Then, I was also inspired by the Tuareg, which is a nomadic tribe in Northern Africa where there’s reversed gender roles in terms of power. I was interested in that, as well as the image of people moving through the desert. In the last intervening years, I’ve been forced to think about the relationship that black people throughout the diaspora have with the places where we’ve been randomly dropped off by slave ships. Then I looked at the pieces I thought were really essential and beautiful when I was trying to edit down into a collection of things and was like, “Why is this sticking with me? Why did these come together?” The little instances that had stuck with me and what tied them together became this idea of travel and moving through the world and having an undefined relationship of where you happen to be at that time. Then coming to the conclusion that the overall narrative was global nomads–people who are placed in a random situation and have to take whatever resources are available to make the circumstances possible. I didn’t say, “Here’s this collection. It’s going to be about nomads.” I’ve given more credence to that idea of things that I’m naturally interested in and not the narrativized version of them.

I definitely commend that because I think it’s incredibly hard to sit back and let your thoughts simmer and see what comes out of it. It takes a lot of patience and a lot of discipline, especially being a young person in New York since you’re constantly pressured to produce things. How did you get there in terms of your emotional and mental growth as an artist?

In truth, I’ve had to base that patience on actual resources available. It’s been four seasons since our last collection and the jewelry has remained consistent throughout, but it’s not like I haven’t been sketching for the past two years. There has been many instances where I’ve been like “We’re gonna drop the new collection, it’s gonna be so hot,” and I’ve just had to be humbled and realize as much as things are portrayed as happening overnight, people have “overnight successes” after years and years of constantly working.

I obviously would want to have a million dollars and just be able to say, “We’re gonna do this because this is what makes sense to me now,” but in a lot ways I’ve realized that having arrived at this point, my original ideas were much more defined by my notion of what was propriety in fashion. I think by having to take things more slowly, it’s allowed me to think about what can I offer the world or what does the world really need and what can I create today.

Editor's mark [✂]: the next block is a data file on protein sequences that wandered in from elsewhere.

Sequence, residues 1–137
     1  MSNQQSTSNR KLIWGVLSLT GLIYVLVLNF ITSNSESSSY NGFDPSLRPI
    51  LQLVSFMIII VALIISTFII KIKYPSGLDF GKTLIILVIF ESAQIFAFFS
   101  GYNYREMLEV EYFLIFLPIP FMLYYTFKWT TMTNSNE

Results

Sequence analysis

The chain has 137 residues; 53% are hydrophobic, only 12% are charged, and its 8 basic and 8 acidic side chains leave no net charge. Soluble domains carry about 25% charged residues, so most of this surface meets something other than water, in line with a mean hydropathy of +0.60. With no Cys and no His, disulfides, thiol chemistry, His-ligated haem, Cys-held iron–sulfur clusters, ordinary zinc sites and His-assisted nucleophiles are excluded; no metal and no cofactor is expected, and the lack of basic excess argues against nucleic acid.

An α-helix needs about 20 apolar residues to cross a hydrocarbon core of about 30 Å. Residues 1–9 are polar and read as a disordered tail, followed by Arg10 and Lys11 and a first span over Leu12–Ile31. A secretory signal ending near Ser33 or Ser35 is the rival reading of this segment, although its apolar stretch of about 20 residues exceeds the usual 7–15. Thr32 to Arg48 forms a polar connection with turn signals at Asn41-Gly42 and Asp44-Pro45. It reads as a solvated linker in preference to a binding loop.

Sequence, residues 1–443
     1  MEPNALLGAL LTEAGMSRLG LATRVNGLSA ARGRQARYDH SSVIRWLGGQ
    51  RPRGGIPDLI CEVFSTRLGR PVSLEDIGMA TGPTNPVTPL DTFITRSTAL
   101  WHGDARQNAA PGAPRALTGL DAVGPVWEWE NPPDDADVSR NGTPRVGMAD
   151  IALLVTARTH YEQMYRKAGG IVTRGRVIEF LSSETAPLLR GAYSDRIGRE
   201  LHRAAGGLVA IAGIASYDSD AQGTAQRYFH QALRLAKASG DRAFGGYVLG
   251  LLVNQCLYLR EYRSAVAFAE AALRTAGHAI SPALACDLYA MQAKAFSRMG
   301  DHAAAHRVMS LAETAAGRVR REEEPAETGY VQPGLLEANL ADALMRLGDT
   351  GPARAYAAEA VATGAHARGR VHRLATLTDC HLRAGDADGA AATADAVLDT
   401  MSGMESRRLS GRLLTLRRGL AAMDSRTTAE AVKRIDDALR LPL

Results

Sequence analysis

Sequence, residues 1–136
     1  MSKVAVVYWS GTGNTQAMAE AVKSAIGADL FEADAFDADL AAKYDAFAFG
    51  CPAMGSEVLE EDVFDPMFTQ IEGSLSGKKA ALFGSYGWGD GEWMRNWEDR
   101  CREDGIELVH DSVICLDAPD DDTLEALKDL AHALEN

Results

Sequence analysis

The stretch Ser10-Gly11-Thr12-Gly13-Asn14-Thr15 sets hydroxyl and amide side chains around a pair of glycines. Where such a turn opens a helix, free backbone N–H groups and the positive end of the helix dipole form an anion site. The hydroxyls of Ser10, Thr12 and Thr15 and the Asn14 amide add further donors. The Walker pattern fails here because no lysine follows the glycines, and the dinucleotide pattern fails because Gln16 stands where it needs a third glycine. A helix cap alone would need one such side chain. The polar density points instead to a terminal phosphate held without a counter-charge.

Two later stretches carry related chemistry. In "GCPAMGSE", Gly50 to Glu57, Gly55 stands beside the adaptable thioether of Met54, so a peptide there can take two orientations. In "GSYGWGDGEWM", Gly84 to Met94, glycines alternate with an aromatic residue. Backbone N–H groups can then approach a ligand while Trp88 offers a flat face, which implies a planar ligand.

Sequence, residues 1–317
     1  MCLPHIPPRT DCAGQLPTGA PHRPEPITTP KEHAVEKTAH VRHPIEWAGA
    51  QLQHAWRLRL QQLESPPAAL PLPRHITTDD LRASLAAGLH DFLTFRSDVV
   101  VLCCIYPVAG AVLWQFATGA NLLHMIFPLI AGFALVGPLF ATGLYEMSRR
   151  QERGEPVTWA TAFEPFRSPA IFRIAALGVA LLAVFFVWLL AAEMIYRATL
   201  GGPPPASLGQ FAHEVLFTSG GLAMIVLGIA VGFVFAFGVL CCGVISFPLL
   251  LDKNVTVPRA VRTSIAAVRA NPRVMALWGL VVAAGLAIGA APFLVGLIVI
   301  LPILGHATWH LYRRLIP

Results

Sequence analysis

What do you think the world needs right now and where do you think you fit into it?

I think we need legitimate conversations about things we’re too afraid to discuss. I think we have such intricate positions within society and people are so invested in their position in society that it would be a personal threat to evaluate if there could be new models for how society is organized if we were to try to have real conversations. What I have to offer is a cross section between experiences and world views. I’m not a political science PhD, but I feel like I’ve been exposed to a lot of world history but not from the perspective of, like, “Here’s what was in France during the 1700s.” The world needs more conversations, like real conversations, but the fashion industry often represents people who are not engaging in those conversations. It’s all sort of catered toward comfort and not challenge, but I think it’s possible to challenge with beauty in a way that’s ultimately moving and forces people to engage with the text of the work.

I think oftentimes beautiful things are written off as meaningless because we all think of them as aesthetic rather than substantive and these two concepts are not mutually exclusive.

They are not mutually exclusive. I think of beauty as a tool, like a language to speak.

Is fashion a democratic language then?

Fashion, I don’t think, is a democratic industry. I still see systemic issues. That’s why it feels important to me to express what’s in my head because I don’t think it’s within a lot of people’s heads and I don’t think that most of those people who have those alternative visions have the access to the resources. I’m very lucky to have access to fashion on a marginal scale so far and so it feels important to me to use that access for something important and say something that only I can say. Also, to widen the doors of access for others. Like, how can I, as a designer or a brand, start really serious and important questions in fashion and how can I empower others?

Where are you hoping to take Khiry? Do you see it expanding into other forms or mediums?

Yeah! Khiry has always been about a broader world prospective on black culture and about politics and ultimately power. That’s the underlying premise because cultural authority is a form of power and reflects those who are in power; it also allows us to propagate or criticize the current organization and structure of power. I’ve always planned to have a wider array of offering statement visions for the public. I’m not exactly sure what that’s going to mean yet but it’s going to mean something soon.

All jewelry pictured courtesy of Khiry

Stay tuned to Milk for more NYC-based artisans. 

Related Stories

New Stories

Load More

K

Like Us On Facebook

X